THE SUCCESSFUL MISTAKE:
It was still dark as we jerked and bounced our way along the deeply rutted dirt road that jinxes and twists its way through the lush riverine forest that flanks Kenya’s Mara River. In front of us lay the vast expanse of the Masai Mara, shrouded in a heavy cloak of mist, isolated groups of grazing animals just about visible in the morning half-light. Near the equator dawn a brief affair, and within minutes the eastern sky was tinged colour, first lemon then the subtle shades of pre-sunrise orange, as Africa stirred and came awake for another day.
My day had begun an hour earlier, with the arrival of a flask of freshly brewed coffee and a tray of still warm out of the oven biscuits. These I had savoured, sitting in a camp chair listening to the grunts and splashes of wallowing hippo’s in the shallow lagoon in front of my tent. Next had followed a short walk through heavy bush, out of necessity led by an armed guard; buffalo, hippo, elephant and even lion are frequent visitors to Little Governors Camp. A short trip aboard a hand hauled ferry took me across the Mara River, and from there we had walked to the safari top Land Rover we were now riding in towards the camp airstrip. Here a diminutive 6 seater Cessna was parked waiting to take me on the next stage of that mornings multi-faceted journey.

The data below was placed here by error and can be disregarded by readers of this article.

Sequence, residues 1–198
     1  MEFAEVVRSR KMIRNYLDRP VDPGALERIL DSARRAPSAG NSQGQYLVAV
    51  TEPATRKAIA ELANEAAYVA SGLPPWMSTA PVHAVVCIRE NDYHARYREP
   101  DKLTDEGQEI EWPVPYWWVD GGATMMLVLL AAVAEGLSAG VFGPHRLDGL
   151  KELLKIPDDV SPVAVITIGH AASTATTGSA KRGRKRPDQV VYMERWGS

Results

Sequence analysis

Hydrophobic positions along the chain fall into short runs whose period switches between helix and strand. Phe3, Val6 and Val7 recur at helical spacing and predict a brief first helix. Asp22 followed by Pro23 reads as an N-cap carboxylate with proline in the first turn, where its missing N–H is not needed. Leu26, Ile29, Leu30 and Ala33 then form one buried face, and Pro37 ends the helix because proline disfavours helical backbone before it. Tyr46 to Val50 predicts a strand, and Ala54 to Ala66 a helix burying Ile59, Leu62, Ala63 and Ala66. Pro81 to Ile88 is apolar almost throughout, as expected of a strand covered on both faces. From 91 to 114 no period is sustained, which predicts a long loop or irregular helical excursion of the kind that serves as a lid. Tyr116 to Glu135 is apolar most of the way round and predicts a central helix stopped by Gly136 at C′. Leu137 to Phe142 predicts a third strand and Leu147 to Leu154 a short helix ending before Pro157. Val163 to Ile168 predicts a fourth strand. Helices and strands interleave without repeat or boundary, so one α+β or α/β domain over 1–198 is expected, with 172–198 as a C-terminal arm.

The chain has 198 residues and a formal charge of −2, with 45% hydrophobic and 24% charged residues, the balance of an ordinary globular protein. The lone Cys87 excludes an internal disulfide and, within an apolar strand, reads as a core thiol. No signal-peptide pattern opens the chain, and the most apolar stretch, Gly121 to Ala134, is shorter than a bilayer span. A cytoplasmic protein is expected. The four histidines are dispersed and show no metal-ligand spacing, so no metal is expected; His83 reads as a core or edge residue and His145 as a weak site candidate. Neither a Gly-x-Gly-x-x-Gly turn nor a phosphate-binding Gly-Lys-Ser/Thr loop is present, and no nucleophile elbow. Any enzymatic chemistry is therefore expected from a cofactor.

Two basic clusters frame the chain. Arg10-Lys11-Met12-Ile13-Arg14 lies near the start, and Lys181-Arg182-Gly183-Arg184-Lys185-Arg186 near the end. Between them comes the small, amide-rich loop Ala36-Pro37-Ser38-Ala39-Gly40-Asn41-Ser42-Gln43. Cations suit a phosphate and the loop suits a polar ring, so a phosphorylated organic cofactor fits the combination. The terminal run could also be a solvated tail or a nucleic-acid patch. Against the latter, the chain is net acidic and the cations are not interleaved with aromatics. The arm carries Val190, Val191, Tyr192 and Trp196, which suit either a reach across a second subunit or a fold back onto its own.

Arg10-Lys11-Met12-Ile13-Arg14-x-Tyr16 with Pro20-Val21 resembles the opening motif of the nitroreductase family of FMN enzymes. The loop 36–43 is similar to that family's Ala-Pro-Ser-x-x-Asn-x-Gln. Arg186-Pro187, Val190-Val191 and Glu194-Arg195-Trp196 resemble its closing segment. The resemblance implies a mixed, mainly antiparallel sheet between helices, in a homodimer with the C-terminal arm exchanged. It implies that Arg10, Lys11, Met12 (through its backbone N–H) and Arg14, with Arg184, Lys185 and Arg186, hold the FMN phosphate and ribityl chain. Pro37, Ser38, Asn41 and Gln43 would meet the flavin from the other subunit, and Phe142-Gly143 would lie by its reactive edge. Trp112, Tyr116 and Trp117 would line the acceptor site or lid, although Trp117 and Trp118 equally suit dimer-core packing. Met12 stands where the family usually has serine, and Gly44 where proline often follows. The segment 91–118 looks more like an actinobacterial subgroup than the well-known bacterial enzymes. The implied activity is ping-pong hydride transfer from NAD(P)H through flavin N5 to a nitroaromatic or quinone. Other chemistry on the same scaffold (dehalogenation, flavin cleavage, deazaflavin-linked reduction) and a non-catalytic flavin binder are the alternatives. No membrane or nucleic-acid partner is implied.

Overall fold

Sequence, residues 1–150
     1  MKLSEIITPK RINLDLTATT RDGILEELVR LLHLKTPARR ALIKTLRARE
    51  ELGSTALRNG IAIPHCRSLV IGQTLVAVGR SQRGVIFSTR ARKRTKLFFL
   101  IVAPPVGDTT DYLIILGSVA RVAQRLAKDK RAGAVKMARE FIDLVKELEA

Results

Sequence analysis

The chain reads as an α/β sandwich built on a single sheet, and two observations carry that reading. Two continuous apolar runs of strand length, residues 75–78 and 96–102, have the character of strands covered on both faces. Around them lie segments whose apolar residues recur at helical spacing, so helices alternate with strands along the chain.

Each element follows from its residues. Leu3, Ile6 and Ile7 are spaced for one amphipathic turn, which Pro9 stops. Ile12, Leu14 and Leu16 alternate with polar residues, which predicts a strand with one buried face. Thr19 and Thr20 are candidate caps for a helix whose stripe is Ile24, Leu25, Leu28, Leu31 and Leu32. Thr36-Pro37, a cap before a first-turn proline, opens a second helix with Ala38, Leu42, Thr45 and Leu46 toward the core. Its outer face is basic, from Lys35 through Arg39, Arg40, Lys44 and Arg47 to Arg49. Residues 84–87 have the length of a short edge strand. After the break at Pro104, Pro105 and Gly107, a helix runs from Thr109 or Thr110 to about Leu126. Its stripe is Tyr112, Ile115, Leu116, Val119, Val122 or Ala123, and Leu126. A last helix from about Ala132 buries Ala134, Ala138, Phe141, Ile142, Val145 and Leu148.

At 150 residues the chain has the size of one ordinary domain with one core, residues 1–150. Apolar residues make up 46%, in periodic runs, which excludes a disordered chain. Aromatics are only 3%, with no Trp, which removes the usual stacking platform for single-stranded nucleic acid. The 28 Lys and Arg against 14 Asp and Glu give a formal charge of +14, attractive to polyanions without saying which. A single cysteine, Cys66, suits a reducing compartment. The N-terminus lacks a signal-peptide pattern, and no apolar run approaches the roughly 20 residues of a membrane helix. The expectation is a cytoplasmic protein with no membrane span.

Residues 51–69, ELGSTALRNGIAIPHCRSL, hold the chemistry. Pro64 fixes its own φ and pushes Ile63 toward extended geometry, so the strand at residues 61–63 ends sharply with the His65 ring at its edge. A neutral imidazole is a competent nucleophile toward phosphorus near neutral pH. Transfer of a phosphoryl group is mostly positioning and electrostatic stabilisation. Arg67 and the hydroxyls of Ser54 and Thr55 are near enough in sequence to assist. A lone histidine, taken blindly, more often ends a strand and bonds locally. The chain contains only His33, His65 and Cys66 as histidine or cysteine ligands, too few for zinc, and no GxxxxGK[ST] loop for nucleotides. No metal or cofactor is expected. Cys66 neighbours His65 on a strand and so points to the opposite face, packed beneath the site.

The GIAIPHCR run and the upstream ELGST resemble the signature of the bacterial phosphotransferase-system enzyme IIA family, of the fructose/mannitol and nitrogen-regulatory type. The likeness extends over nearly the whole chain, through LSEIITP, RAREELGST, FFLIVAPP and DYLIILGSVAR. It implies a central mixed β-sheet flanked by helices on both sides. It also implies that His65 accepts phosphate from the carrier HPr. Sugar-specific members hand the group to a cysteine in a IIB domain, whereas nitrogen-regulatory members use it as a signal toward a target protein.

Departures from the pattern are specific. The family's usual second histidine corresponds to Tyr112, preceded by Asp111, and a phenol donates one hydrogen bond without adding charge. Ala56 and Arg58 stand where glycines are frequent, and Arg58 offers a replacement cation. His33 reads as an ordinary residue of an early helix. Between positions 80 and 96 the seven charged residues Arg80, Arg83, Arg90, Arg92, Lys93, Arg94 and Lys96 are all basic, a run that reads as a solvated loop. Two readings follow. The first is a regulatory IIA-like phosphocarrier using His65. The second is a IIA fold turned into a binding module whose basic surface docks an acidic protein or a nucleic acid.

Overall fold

Eventually we reached the gravel runway, and I climbed out of the Land Rover and enjoyed a good long stretch, I love dawn in Africa. Then I casually walked to the edge of the cleared strip of ground, unzipped my fly and indulged myself in one of life’s essential morning rituals, as I calmly contemplated my surroundings. There was the game-untold numbers of antelope, zebra and comical looking wildebeest, a glorious African sunrise illuminating the high rock escarpment of the Great Rift Valley, the dark snaking line of distant trees marking the course of the Mara River; and a large, rounded, granite boulder that I had not noticed before.